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Visualising the addition of new nodes and edges to a graph to 'watch it grow' is to something Mathematica is not suited to by default. However this type of animation really helps convey the emergence of graph features (like clustering) to the untrained audience.

There seems to be a lot of interest in doing this from the many users working with graphs in Mathematica. For example here are two questions on the topic (one, two).

I am going to re-ask this basic question with some more specifics.

It seems that JLink is a popular tool, and many users seem to be very comfortable with it and advocate more use (and programming in Java generally). For example, see Leonid's answer to a previous question. Unfortunately I am not a programmer at all and the documentation for JLink uses terminology that is over my head. I've hit a wall of frustration and really need a few pointers.

There are some good Java tools for 2D dynamic graph visualisation. For example, GraphStream.

So my question is, how do I visualise the growth of the below dynamic graph from this question using JLink and GraphStream? The third and forth elements of the lists are the beginning and end time periods when the edge exists).

dynamicGraph = 
   {{0, 1, 0, 20}, {1, 2, 1, Infinity}, {2, 3, 2, 21}, {3, 4, 3, 22}, 
    {4, 5, 4, Infinity}, {5, 6, 5, Infinity}, {6, 7, 6, 26}, {7, 8, 7, 25},     
    {8, 9, 8, Infinity}, {9, 10, 9, 24}, {0, 6, 10, 27}, {1, 6, 11, Infinity}, 
    {1, 5, 12, Infinity}, {2, 5, 13, Infinity}, {2, 4, 14, Infinity}, 
    {6, 8, 15, Infinity}, {5, 8, 16, Infinity}, {5, 9, 17, Infinity}, 
    {4, 9, 18, Infinity}, {4, 10, 19, 23}};

There are many parts to the question and many solutions I guess. Answers need only address one part or step in the process.

  1. How do actually use GraphStream with JLink? It consists of a bunch of .jar files, so if these are in the notebook directory I to start with something like Needs["JLink"]; InstallJava[]; AddToClassPath[NotebookDirectory[]];. Then what? A quick summary in layman's terms of basics of JLink would be great .

  2. Is a workable approach to generate graphs in Mathematica and export them to a file supported by GraphStream (eg. .dot, GraphML) then use the JLinked tool to read the file and display the animation (a little like Szabolic's answer here)? Yet I can't understand the format to make the graph in a readable dynamic format (just answering this part would be a huge help). Nor how to execute the code (ideally from within Mathematica).

I hope this question will be of use to many others and answers that cover any steps in the process, or links to examples of using JLink that might aid my learning, would be greatly appreciated.

share|improve this question
GraphStream video was a hoot! –  Fred Kline May 21 '13 at 2:21

2 Answers 2

up vote 10 down vote accepted

Nice answer by Mohsen, +1. I am continually impressed by the quality of the J/Link and .NET/Link expertise on this site. I have a couple remarks and then an example program.

The question asked about some general tips for getting started with J/Link. This GraphStream library provides a perfect example for the typical workflow of a J/Link project. The following are exactly the steps I went through when tinkering with this, and I'm sure Mohsen did as well.

  • Download the library materials. Generally this will be one or more .jar files
  • Make sure J/Link can find the jar files, by calling AddToClassPath
  • Locate the javadocs for the library. Keep these open as a handy reference
  • Skim the documentation, looking for any Getting Started/Tutorial type of information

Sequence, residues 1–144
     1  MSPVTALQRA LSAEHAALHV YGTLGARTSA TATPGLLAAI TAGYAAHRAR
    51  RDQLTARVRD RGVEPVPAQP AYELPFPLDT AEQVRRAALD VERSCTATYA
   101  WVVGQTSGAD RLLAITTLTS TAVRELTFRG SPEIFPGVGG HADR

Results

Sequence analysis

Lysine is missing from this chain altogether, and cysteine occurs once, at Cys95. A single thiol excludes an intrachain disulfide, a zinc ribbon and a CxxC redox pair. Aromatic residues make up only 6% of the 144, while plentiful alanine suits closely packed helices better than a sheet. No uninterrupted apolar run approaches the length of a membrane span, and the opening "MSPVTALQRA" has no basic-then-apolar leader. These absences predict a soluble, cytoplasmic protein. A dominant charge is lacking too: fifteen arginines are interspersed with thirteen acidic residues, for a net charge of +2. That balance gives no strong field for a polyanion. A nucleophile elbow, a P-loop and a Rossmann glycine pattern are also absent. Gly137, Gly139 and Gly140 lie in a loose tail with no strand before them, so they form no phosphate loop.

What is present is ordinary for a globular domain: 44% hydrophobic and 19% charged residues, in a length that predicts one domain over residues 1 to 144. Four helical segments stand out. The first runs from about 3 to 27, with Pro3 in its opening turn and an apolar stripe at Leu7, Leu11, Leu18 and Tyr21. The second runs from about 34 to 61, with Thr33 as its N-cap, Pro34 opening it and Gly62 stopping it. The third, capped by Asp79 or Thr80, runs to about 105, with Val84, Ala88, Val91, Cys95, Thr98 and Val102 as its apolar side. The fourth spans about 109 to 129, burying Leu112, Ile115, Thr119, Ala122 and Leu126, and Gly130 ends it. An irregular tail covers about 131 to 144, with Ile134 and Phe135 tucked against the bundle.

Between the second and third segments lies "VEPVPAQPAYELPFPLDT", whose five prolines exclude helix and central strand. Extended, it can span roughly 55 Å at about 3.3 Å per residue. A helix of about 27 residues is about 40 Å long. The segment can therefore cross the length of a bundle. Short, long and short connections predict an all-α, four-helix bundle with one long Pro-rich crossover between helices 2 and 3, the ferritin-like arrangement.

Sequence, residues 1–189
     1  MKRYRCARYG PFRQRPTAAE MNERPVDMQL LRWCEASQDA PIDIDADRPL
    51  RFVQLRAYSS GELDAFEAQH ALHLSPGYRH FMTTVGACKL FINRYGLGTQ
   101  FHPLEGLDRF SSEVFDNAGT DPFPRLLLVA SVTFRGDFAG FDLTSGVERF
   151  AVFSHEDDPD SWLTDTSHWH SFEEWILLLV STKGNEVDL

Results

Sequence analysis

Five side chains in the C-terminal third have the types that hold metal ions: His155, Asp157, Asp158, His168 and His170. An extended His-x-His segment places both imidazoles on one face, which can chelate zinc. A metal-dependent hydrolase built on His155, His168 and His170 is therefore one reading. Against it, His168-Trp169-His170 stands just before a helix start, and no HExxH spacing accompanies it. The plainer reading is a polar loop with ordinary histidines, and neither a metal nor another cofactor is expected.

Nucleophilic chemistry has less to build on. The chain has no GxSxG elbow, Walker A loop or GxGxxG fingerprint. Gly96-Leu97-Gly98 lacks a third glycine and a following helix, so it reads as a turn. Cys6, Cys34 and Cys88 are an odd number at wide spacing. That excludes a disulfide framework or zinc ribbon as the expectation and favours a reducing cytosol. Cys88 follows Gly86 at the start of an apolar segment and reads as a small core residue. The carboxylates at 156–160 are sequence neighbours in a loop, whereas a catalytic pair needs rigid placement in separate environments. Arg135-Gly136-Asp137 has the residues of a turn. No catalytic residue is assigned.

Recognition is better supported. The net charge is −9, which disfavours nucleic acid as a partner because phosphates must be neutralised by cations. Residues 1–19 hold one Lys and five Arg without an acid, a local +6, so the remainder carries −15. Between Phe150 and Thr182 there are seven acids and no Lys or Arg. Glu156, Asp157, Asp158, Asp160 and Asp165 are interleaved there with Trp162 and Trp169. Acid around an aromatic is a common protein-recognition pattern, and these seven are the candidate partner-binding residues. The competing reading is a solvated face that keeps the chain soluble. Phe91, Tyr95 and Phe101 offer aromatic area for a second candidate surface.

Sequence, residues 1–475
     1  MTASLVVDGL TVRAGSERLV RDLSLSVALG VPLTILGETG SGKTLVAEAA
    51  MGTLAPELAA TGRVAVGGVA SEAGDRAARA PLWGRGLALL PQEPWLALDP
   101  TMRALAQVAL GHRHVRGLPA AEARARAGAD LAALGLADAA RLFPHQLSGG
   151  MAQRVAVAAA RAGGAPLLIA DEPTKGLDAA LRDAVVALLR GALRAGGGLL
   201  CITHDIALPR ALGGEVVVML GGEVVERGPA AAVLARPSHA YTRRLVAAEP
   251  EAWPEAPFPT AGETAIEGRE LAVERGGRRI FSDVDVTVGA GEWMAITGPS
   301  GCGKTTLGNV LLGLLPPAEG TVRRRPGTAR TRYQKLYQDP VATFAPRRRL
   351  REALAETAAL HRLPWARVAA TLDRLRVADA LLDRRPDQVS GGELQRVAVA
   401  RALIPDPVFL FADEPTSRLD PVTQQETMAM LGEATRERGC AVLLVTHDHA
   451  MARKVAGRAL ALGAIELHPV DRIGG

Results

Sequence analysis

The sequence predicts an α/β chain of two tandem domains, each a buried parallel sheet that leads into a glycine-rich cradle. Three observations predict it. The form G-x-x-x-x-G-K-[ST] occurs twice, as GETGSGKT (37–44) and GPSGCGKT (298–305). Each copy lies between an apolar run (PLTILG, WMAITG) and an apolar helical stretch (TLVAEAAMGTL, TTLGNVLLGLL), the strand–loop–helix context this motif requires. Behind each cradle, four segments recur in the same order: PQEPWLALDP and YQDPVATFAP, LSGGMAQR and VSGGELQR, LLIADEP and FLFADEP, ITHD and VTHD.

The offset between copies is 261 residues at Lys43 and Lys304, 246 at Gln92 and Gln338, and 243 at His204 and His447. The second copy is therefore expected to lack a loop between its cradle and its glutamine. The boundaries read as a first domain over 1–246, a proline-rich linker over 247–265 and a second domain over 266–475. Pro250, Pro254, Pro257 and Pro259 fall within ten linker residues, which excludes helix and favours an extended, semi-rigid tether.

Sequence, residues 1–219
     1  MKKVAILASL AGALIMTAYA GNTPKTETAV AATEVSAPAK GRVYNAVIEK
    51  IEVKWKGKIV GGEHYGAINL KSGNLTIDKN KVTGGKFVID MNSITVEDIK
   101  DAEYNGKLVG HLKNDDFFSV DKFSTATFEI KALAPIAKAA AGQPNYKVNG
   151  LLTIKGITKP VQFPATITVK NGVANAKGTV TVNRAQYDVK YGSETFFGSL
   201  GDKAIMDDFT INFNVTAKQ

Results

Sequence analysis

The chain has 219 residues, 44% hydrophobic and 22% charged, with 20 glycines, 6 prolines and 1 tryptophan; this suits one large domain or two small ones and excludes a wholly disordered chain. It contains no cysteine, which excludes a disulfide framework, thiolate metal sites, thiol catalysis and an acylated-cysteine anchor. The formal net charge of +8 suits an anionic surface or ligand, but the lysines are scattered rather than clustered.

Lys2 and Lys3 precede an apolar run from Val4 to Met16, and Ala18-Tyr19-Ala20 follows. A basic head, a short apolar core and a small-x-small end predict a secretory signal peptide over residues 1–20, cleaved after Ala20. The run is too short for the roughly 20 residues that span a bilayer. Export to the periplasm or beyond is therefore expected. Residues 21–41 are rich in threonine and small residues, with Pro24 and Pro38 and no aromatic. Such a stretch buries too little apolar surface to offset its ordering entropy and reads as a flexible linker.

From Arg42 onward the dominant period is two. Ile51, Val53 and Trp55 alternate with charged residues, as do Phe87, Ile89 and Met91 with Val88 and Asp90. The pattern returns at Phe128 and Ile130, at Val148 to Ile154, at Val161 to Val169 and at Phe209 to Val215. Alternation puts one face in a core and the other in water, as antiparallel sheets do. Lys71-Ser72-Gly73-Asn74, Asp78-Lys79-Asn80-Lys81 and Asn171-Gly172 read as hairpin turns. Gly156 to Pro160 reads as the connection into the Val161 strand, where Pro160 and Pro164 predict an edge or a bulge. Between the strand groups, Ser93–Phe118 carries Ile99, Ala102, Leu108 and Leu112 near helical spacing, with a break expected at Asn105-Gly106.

Those steps might seem obvious, and could hardly be considered "advice", but the key point is that you are looking for a trivial example Java program. That is always the starting point. Once you find a small bit of sample code, you can translate it directly into Mathematica. Mohsen's first few lines of code, ending in g@display[], are right out of the "Getting Started" tutorial for GraphStream, literally the first lines of Java code they demonstrate. They translate directly into Mathematica almost trivially, as Mohsen describes (and the J/Link docs do, in more detail). Within a few minutes you have a Java window on your screen with a graph in it. This is an incredibly empowering feeling, and from there you can delve deeper into what the library provides. To do fancy things you will probably need to learn some subtleties of J/Link, and some familiarity with Java is extremely useful, but once you have something basic working, you can build from there.

I have tinkered with many Java libraries using J/Link, and I almost always have something running within a few minutes. Although I know J/Link very well, it usually takes only the most basic J/Link knowledge to get that far.

I strongly recommend not using ReinstallJava[ClassPath -> ...] for making Java libraries available to J/Link. Calling ReinstallJava is a destructive operation that you should only call if you absolutely need to. Any other Mathematica components or packages that are using J/Link might have some state wiped out if you restart Java. Instead, call AddToClassPath, which is exactly what you did in your question. What is particularly convenient about AddToClassPath is that you can give the directory in which a set of jar files reside, and all the jar files will be added.

Here is a sample program that uses GraphStream to dynamically render the sample graph. It also displays the output of Mathematica's GraphPlot for comparison.


(* We only ever need the node names as strings, so convert them ahead of time *)
graphData = dynamicGraph /. {a_Integer, b_Integer, c_, d_} :> {ToString[a], ToString[b], c, d};

graph = JavaNew["org.graphstream.graph.implementations.SingleGraph", "StackExchange"];
viewer = graph@display[];

(* We need this only for computing the coordinates of the middle of the image.*)
ggraph = viewer@getGraphicGraph[];

(* This makes the window go away when its close box is clicked. *)

nodes = {};
edges = {};

    previousNodes = nodes;
    previousEdges = edges;

    edges = Select[graphData, #[[3]] <= t <= #[[4]]&][[All, 1;;2]];
    nodes = Union @ Flatten @ edges;

    losingNodes = Complement[previousNodes, nodes];
    addingNodes = Complement[nodes, previousNodes];
    losingEdges = Complement[previousEdges, edges];
    addingEdges = Complement[edges, previousEdges];